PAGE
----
Two weeks after the Academy Awards, arriving now in UK cinemas is the film that got Julianne Moore a win in the Best Actress category. I am pleased that Moore got the statuette, she certainly deserves it, and I am glad of the publicity the movie will now get but actually the Oscar attention is the least important thing about it. This picture is so much more important than awards.
I was always going to respond strongly to this film, having quite recently lost a parent to Alzheimer’s. Even allowing for that though it is notable how quickly I forgot I was viewing a performance. I instantly became drawn in and what I was watching was not an actor but a real person going through a heartbreaking and scary experience.
Conversely, in many respects the film does show a Hollywood version of dementia. Stricken protagonist Alice is an internationally respected linguistics professor from Columbia University. She is ten to twenty years younger than most Alzheimer’s sufferers, has a very rare form of the disease and is surrounded by an impossibly beautiful family.
There is also an argument that by concentrating on someone in their fifties the film ignores the majority of people who are typically hit by the illness. Most of this though was decided when accomplished neuroscientist Lisa Genova turned author and wrote the book and Moore and her writer/directors Richard Glatzer and Wash Westmoreland have taken the source material and made it universal.
There have been films about dementia before, notably Away From Her and Iris, but this does something that I’ve not seen before. It gives those who struggle with the disease a voice. Throughout the film everything focuses on Alice and you begin to get a real idea of what it is like to face slowly losing your mind, your memories and your character. This is most obvious in a scene where Alice gives a talk at an Alzheimer’s charity event and her words are a fantastic movingly believable and real articulation of what she is experiencing. It is the highlight of the movie and one of the best accounts of Alzheimer’s I have come across. The speech is included in full at the end of this review.
This concentration on Alice means the film raises awareness of the disease in a particular and pertinent manner and for this I cannot applaud and thank it enough. In my opinion this makes Still Alice one of the most important films I have ever seen and I think everyone should see it too.
Is this one for the kids?
Still Alice is a 12A and while it is heartbreaking in places it is not a hard film to watch. Certainly if you compare it to The Fault in Our Stars, in which teenagers live with cancer, it is not as deliberately raw. There are clearly some upsetting moments but actually when I say everyone should see this film I include a teenage audience in that. Alzheimer’s is a tragic but prevalent disease and the more people who can begin to understand it the better.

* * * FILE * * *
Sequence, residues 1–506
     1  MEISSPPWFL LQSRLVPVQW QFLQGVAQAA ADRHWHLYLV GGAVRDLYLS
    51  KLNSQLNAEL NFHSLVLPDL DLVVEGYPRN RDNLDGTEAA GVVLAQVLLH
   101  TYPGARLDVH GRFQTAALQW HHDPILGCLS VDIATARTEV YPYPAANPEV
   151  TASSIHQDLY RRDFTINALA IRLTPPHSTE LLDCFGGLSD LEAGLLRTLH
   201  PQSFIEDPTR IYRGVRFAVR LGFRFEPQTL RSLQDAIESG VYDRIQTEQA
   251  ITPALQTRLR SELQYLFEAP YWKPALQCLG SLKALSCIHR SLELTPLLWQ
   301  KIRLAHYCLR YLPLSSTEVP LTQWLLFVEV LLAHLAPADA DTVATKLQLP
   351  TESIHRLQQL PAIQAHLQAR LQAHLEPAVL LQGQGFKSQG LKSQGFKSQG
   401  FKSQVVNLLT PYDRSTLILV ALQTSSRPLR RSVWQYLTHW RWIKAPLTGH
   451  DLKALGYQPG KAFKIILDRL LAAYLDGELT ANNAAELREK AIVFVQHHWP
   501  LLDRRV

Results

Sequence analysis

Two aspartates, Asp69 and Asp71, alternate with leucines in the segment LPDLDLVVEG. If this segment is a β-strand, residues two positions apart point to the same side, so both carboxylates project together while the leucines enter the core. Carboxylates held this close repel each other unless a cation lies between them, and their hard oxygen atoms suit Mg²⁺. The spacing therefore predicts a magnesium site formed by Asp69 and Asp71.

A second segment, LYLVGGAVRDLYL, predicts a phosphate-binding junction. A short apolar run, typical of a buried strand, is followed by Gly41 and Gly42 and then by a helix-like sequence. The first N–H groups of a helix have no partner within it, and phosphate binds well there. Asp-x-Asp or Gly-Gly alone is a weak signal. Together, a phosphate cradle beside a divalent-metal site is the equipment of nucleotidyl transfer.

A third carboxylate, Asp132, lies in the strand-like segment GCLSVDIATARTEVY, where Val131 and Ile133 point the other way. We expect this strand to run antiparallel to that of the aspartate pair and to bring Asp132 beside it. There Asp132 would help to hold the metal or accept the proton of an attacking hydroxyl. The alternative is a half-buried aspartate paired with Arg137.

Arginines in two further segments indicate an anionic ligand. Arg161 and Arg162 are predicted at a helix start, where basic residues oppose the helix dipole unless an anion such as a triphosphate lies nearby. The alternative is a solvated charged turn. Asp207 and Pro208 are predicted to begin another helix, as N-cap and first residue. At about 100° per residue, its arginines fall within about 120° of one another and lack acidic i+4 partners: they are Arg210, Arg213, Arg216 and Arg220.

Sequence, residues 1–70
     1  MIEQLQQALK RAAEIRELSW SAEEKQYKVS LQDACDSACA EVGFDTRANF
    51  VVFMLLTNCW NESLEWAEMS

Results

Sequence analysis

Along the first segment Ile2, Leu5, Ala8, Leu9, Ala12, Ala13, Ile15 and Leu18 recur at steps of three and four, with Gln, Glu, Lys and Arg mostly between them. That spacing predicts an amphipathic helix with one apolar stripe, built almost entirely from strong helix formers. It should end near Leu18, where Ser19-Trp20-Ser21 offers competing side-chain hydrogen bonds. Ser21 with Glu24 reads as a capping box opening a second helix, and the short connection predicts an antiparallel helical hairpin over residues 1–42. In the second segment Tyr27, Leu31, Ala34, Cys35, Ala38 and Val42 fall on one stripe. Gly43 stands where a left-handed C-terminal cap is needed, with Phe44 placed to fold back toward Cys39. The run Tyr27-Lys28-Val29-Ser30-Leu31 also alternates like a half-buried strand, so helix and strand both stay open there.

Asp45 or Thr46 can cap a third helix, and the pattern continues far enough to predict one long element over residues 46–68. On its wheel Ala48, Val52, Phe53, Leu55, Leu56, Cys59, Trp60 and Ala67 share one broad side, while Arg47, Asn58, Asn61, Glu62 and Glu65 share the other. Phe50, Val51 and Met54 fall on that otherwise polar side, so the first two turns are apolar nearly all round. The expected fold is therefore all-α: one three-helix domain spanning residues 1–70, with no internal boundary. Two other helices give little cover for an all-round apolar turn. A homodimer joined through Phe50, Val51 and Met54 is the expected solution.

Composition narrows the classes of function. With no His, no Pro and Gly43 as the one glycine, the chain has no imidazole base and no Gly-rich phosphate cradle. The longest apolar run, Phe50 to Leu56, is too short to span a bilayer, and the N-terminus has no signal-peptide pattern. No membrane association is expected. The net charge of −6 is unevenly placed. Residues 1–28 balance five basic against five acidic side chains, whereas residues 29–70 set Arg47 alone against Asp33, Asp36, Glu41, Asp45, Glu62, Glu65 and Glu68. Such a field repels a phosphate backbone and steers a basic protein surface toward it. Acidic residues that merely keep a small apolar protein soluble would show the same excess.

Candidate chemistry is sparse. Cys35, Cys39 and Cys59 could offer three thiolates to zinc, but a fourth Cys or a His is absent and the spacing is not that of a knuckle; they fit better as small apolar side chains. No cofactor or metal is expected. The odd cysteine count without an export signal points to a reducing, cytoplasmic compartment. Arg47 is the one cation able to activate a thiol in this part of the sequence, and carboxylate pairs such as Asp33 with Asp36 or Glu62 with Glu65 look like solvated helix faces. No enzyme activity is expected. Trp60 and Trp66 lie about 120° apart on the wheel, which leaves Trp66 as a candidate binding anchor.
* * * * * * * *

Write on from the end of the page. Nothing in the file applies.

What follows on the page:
The Ripley Factor:
Although the film does centre around its leading lady you do also see the effect her illness has on those around her. Alongside Alec Baldwin, who gives a good performance as Alice’s husband John, are Kate Bosworth and Kristen Stewart as their two daughters. Stewart is particularly strong and between her and Julianne Moore the film presents women who are brave, flawed, capable, loving and inspiring.
Following here is the speech that Alice gives in the film. If you going to see the film then do not read any further because it works best in context but if you are not going to get the opportunity then it is worth a look now.
The poet Elizabeth Bishop once wrote: ‘the Art of Losing isn’t hard to master: so many things seem filled with the intent to be lost that their loss is no disaster.’ I’m not a poet, I am a person living with Early Onset Alzheimer’s, and as that person I find myself learning the art of losing every day. Losing my bearings, losing objects, losing sleep, but mostly losing memories.
All my life I’ve accumulated memories – they’ve become, in a way, my most precious possessions. The night I met my husband, the first time I held my textbook in my hands. Having children, making friends, traveling the world. Everything I accumulated in life, everything I’ve worked so hard for – now all that is being ripped away. As you can imagine, or as you know, this is hell. But it gets worse. Who can take us seriously when we are so far from who we once were? Our strange behaviour and fumbled sentences change other’s perception of us and our perception of ourselves. We become ridiculous, incapable, comic. But this is not who we are, this is our disease. And like any disease it has a cause, it has a progression, and it could have a cure.
My greatest wish is that my children, our children – the next generation – do not have to face what I am facing. But for the time being, I’m still alive. I know I’m alive. I have people I love dearly. I have things I want to do with my life. I rail against myself for not being able to remember things – but I still have moments in the day of pure happiness and joy. And please do not think that I am suffering. I am not suffering. I am struggling. Struggling to be part of things, to stay connected to whom I was once. So, ‘live in the moment’ I tell myself. It’s really all I can do, live in the moment. And not beat myself up too much… and not beat myself up too much for mastering the art of losing.
One thing I will try to hold onto though is the memory of speaking here today. It will go, I know it will. It may be gone by tomorrow. But it means so much to be talking here, today, like my old ambitious self who was so fascinated by communication.